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Energy prices at lowest point in 2 1/2 years

Updated:
OKLAHOMA CITY (AP) _ The nation's energy prices sunk to the lowest point in two and a half years this week, sliding downward two weeks after price spikes that followed the Sept. 11 terror attacks.

November crude oil futures fell 15 percent Monday to $22.01 a barrel from post-attack highs of about $31.

Natural gas prices slumped to their lowest point in more than two years.

Oil prices have decreased more than 26 percent since the start of last week as traders worried about a possible global recession.

October gasoline futures shed 12 percent Monday to end at 63.6 cents per gallon. The full effect hasn't shown up at gas pumps yet.

Industry experts said the price cuts will benefit consumers, but not Oklahoma's energy-dependent economy.

``We're seeing the potential over the next three to six months of a decline in prices _ along with the chance of short-term volatility,'' said Dennis O'Brien, an industry expert who is director of the Institute of Energy Economics and Policy at the University of Oklahoma. ``If we go into a real economic slide, then oil will be in oversupply,'' assuring markedly lower prices.

Industry observers aren't sure how long the slump will last. Some believe that, though prices could spike temporarily due to military moves, the world will escape the extreme oil shocks of the 1970s and early 1980s.

Analysts said the market could change if the U.S. takes military action.

Natural gas prices are the most insulated from world events because use of the North American product depends largely on weather, they said. Natural gas saw only a slight bump after the attacks, and then resumed its yearlong slide from a January record high of close to $10 per thousand cubic feet.

The October New York Mercantile Exchange natural gas contract fell sharply Monday to settle around $1.92 per thousand cubic feet.

Natural gas prices are down for several reasons, said Tony S. Say, president of Clearwater Energy Marketing and a gas trader for Chesapeake Energy Corp. of Oklahoma City.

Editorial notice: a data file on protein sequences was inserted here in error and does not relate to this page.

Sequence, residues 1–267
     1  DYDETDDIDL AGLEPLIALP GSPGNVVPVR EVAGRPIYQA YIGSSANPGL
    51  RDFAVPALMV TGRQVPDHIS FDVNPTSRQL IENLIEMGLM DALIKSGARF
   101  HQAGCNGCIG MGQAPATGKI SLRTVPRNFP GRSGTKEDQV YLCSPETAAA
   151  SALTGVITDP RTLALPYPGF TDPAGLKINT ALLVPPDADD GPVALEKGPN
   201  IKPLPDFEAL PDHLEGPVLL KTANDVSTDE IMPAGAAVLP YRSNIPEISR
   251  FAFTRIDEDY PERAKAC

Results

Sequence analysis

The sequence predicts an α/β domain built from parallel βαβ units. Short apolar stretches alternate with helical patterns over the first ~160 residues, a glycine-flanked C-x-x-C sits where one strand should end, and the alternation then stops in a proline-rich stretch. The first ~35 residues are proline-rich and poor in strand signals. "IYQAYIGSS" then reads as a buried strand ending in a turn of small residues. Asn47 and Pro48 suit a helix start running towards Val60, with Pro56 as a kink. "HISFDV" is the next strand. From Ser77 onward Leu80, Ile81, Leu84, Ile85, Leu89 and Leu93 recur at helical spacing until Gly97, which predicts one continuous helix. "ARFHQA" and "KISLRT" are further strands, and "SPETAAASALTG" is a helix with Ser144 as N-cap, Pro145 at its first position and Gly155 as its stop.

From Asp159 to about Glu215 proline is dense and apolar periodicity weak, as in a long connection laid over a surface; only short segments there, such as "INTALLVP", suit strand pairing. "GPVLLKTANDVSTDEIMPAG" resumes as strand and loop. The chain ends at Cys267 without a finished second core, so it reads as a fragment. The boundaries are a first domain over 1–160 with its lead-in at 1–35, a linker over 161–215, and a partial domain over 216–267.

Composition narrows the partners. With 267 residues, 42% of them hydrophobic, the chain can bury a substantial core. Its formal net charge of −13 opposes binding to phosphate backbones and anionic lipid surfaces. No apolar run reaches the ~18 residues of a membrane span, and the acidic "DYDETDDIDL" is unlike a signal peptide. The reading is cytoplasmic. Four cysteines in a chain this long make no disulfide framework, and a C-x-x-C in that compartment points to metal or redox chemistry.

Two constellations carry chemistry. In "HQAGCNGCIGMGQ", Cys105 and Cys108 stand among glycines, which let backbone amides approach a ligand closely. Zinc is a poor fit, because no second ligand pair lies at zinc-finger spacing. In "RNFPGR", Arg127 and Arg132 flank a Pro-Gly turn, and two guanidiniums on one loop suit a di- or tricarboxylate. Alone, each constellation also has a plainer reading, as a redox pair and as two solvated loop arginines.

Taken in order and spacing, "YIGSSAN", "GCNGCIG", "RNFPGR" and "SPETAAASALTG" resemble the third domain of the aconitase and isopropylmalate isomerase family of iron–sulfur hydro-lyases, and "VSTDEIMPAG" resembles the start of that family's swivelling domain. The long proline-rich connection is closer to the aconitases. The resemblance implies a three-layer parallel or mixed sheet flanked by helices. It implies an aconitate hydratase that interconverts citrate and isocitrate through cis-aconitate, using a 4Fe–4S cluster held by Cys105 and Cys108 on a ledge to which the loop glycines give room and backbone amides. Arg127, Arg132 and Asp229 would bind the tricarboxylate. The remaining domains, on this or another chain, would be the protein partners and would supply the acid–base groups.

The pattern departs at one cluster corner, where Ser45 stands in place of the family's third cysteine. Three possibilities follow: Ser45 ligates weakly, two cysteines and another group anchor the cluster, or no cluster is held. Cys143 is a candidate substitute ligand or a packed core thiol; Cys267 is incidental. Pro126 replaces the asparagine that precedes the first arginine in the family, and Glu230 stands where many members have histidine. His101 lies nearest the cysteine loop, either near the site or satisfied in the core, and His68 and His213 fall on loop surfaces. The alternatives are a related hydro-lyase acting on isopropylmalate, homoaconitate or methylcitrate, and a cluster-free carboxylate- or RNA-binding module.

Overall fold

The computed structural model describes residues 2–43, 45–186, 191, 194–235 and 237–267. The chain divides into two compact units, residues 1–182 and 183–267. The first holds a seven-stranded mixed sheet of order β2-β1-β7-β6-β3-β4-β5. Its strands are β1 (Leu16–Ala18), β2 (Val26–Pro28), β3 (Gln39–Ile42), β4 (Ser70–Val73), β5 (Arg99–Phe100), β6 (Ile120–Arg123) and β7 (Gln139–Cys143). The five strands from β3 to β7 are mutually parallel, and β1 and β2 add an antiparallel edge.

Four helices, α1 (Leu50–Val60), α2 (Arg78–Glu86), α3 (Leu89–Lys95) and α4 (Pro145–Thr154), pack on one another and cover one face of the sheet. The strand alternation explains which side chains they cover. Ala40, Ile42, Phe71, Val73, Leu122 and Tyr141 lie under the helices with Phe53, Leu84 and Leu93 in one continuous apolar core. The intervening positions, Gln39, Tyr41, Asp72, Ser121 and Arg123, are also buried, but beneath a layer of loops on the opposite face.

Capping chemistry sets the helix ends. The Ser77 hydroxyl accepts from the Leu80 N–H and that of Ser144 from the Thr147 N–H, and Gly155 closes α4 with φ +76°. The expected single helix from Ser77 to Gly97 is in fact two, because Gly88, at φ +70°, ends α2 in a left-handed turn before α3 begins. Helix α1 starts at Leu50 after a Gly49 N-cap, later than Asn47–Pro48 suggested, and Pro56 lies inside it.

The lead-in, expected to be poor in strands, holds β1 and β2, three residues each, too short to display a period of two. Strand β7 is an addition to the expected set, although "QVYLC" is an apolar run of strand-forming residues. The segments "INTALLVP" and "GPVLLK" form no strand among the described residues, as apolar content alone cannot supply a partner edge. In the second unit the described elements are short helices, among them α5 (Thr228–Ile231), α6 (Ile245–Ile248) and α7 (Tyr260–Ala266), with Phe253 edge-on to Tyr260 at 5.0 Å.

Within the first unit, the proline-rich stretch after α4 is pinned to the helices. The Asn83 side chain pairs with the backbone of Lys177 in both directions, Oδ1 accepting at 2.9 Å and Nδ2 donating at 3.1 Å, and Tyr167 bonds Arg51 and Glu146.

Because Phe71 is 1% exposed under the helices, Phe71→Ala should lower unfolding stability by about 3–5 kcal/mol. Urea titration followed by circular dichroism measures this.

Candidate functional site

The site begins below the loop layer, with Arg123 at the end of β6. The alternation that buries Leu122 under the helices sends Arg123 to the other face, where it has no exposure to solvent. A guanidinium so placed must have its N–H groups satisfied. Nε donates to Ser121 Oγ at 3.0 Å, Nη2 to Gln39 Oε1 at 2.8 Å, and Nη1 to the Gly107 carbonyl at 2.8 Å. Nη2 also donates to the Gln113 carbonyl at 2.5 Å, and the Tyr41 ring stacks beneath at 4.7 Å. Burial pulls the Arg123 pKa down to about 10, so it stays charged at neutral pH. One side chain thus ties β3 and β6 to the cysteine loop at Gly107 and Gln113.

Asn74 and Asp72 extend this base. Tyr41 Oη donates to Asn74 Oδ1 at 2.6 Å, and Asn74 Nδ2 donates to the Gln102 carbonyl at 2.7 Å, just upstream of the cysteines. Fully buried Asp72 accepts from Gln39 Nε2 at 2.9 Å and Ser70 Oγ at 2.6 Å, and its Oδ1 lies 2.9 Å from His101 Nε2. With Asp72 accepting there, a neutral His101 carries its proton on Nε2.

He said it appears natural gas storage for the coming winter will be full, unlike last year. Also, U.S. industry has lowered gas use after being burned by last winter's record prices.

But no one expects natural gas prices to stay down long-term. Industry pundits are predicting a decade-long swell in gas demand as the U.S. builds more power plants to meet electricity demand.

The crude that supplies U.S. gasoline, jet fuel and heating oil should keep flowing, said Harry Parker, a chemical engineering professor at Texas Tech University in Lubbock.

Tom Kivisto, an oil industry observer who is chief executive of STG Inc. in Tulsa, insists Saudi Arabia's leaders have a vested interest in keeping the world's oil supply flowing. The Saudis want to stave off a world economic plunge that would curtail oil demand long-term.

``They're not going to let things get out of hand,'' Kivisto said.

Also in the United States' favor is the fact that much imported oil doesn't come from the Middle East.

The U.S. Energy Information Administration said that in 2000 less than 27 percent of the total U.S. imported crude oil came from the Persian Gulf. The majority came from the Western Hemisphere, including Mexico, Canada and Venezuela.
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